In a first, a drug discovered and designed using artificial intelligence (AI) for the treatment of idiopathic pulmonary fibrosis (IPF), a chronic disease that causes scarring in the lungs, has entered human clinical trials.
Hong Kong-based biotechnology company Insilico Medicine, in a statement, announced that the Phase II trial on oral dosage of INS018_055 is currently being conducted for over 12 weeks in China, and will later be expanded to test 60 people in the US and China.
Once successful, the company aims to study a larger cohort.
“With demonstrated potential against both fibrosis and inflammation, INS018_055 could offer another option for patients worldwide,” said Feng Ren, co-CEO and Chief Scientific Officer of Insilico Medicine, in the statement.
“Initiating Phase II trials with this novel inhibitor for IPF represents a major milestone for deep generative reinforcement learning in drug discovery. We will explore the efficacy for patients of AI-discovered and designed treatments in clinical trials, which is a true validation of our generative AI platform,” added Alex Zhavoronkov, Founder and co-CEO of Insilico Medicine.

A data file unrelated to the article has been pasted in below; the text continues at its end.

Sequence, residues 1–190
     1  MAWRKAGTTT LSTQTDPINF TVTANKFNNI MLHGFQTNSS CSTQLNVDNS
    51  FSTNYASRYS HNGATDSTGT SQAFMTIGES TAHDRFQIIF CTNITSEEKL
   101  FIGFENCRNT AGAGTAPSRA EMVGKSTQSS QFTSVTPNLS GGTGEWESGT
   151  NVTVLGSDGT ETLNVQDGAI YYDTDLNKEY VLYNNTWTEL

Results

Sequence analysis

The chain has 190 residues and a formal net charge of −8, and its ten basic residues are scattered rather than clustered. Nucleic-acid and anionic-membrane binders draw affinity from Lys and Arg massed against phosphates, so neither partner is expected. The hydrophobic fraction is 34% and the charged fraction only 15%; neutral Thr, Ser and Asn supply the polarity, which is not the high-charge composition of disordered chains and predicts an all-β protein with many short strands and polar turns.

Zhavoronkov said the discovery process for the new drug began in 2020, with hopes to create a “moonshot” medicine to overcome challenges with current treatments for the condition, which mostly focus on slowing progression and can cause uncomfortable side effects, CNBC reported.
He added that the company has two other drugs partially generated by AI in the clinical stage.
One is a Covid-19 drug in phase one clinical trials, and the other is a cancer drug, specifically a “USP1 inhibitor for the treatment of solid tumours”, that recently received FDA approval to initiate clinical trials.
Zhavoronkov said he expects to have results from the current Phase II trial next year.
IPF affects the tissue surrounding the air sacs, or alveoli, in the lungs. It develops when that lung tissue becomes thick and stiff for unknown reasons. Over time, these changes can cause permanent scarring in the lungs, called fibrosis, that makes it progressively more difficult to breathe.
The condition worsens with age and if left untreated, can lead to death within two to five years.
(The story has been published via a syndicated feed.)